President Donald Trump recently took the drastic step of sending thousands of National Guard troops to Washington, D.C. They were not sent to repel a foreign attack on the nation's capital but to mobilize against American citizens peacefully protesting the senseless killing of George Floyd. The Trump administration then deployed scores of unidentified federal law enforcement officers, many of them from the Department of Homeland Security, to Portland, Oregon, resulting in increased mayhem and injuries to nonviolent protesters.
This move resembles what we might expect to see from authoritarians abroad rather than a president of the United States.
The president is treating our military and federal law enforcement like his own personal security forces. And he's doing this not to protect public safety but to stage photo-ops and prop up his floundering campaign. This move resembles what we might expect to see from authoritarians abroad rather than a president of the United States.
Using the military to police Americans flies in the face of U.S. traditions and values — and violates a long-standing principle known as "posse comitatus." More than a century ago, Congress passed the Posse Comitatus Act to ban the use of federal troops for law enforcement purposes not expressly authorized by law. But Trump and Attorney General William Barr have found a way around the act. Congress must act quickly to close this loophole before more communities start looking like war zones.
The Posse Comitatus Act bans the use of National Guard units for law enforcement only when they are federalized, meaning they are brought under the command and control of the president. When National Guard units are operating in so-called hybrid status — serving federal missions funded with federal dollars but under state governors' command and control — they are not subject to the act and therefore are able to perform law enforcement functions, like searches and arrests.
Congress has limited the activities the National Guard can perform in hybrid status, but it does allow it to perform training exercises in this formulation. Barr twisted this provision to enable the rogue deployment in Washington from 11 states.
According to Barr's interpretation of the law, it seems that the president can shoehorn any duty into the category of "training." And if a governor objects to a federal mission in his or her state, well, that's no obstacle under Barr's theory: The president can simply find willing governors in other states and send their National Guard units across state borders.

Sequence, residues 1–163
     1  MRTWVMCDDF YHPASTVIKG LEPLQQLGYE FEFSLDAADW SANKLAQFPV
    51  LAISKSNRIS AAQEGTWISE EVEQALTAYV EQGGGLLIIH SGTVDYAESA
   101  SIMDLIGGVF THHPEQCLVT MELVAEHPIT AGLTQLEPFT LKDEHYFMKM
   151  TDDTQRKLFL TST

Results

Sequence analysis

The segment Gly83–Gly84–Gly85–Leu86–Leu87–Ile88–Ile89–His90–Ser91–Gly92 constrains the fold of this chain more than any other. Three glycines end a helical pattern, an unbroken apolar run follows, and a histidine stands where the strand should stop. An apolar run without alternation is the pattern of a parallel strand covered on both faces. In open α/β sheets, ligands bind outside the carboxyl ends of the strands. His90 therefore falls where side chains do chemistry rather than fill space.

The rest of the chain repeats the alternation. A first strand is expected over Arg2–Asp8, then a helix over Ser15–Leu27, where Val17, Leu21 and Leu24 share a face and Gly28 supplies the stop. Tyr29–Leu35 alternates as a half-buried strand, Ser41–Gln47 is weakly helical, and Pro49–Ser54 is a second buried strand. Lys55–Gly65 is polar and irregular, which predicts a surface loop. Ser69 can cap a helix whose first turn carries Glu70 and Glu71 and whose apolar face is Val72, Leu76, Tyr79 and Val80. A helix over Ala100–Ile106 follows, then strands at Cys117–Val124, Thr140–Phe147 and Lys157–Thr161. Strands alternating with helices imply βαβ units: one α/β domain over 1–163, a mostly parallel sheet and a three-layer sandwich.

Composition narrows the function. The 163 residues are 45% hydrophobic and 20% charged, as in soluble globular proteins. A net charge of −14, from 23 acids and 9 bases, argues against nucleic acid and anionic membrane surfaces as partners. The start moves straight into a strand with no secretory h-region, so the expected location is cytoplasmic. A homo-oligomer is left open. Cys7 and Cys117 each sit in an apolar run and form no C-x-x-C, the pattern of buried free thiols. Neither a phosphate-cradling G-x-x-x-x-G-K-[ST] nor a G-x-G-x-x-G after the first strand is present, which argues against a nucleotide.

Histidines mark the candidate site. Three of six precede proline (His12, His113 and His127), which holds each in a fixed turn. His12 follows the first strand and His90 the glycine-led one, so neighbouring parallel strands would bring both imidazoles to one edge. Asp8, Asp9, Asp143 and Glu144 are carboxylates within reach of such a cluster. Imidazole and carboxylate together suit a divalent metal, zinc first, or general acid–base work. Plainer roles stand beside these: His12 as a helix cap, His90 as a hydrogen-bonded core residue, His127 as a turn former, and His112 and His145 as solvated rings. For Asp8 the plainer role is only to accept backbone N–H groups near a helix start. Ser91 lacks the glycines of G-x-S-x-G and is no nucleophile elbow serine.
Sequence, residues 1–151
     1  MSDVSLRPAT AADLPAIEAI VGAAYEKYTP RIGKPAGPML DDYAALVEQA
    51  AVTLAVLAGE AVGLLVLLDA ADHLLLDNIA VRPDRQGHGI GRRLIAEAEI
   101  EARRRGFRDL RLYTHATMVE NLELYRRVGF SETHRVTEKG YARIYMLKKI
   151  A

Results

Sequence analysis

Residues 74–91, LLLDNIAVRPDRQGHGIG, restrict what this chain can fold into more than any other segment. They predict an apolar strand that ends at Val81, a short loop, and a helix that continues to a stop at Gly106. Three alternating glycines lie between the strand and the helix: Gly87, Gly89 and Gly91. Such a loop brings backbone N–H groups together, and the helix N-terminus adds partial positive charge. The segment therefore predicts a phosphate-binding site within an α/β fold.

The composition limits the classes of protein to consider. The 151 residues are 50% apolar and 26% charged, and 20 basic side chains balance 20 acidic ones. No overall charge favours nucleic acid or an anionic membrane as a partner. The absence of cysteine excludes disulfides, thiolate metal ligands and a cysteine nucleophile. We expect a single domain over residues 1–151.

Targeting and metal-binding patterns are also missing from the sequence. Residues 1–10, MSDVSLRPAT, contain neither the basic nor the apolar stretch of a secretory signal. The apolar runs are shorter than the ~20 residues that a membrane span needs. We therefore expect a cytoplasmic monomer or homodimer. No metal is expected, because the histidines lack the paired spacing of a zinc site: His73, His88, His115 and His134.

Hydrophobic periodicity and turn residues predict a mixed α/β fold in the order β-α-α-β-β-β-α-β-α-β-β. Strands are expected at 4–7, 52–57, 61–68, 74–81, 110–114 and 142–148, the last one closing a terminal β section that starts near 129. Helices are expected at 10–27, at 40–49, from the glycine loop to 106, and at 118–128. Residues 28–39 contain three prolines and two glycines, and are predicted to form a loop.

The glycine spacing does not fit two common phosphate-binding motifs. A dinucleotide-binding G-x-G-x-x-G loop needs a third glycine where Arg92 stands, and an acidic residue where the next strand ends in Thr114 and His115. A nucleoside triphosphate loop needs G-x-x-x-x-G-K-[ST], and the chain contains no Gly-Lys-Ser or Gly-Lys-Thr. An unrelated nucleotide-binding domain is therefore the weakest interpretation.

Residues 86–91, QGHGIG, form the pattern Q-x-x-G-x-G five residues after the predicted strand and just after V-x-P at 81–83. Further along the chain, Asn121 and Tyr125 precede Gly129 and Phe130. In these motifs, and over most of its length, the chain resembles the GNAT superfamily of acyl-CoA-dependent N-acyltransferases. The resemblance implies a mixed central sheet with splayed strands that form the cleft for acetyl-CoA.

That's not what Congress intended, and it's not what American citizens expect. That's why we are trying to close this loophole and prevent Trump and any future president from doing another end run around the Posse Comitatus Act. Our proposal would make it clear that National Guard units cannot act as a federal police force while engaged in training.
We can close this loophole and still leave ample flexibility to address any true emergency. Under our approach, the National Guard could still supplement police forces as part of federally funded disaster response efforts. And governors would retain full authority to deploy their National Guard units for any purpose allowed by state law.
Our proposal would also leave in place the Insurrection Act — a statutory exception to the Posse Comitatus Act — which the president can invoke to deploy federal troops to quell violent unrest or to enforce the law in cases where the states can't or won't. We saw this play out most famously when President Dwight Eisenhower deployed federal troops to enforce a federal court order on school desegregation in Little Rock, Arkansas. The Insurrection Act could also be abused, of course, but it doesn't create the same limitless loophole as Barr's interpretation of National Guard authorities.
Some may believe that with an election just around the corner, Congress can wait out the clock on this lawless president and just hope for new leadership that actually upholds the rule of law and our long-standing democratic values. But norms are like glass — once broken, they are incredibly hard to put back together.
A path has been laid for future presidents to again make the National Guard their own personal security force. Unless we act, we are inviting future abuses of power.
Our National Guard forces perform honorably at home and around the world, as we have all witnessed, most recently in the invaluable aid they have provided states and localities during the COVID-19 pandemic. They should never again be abused for political purposes and told to train their weapons on fellow Americans peacefully exercising their constitutional rights.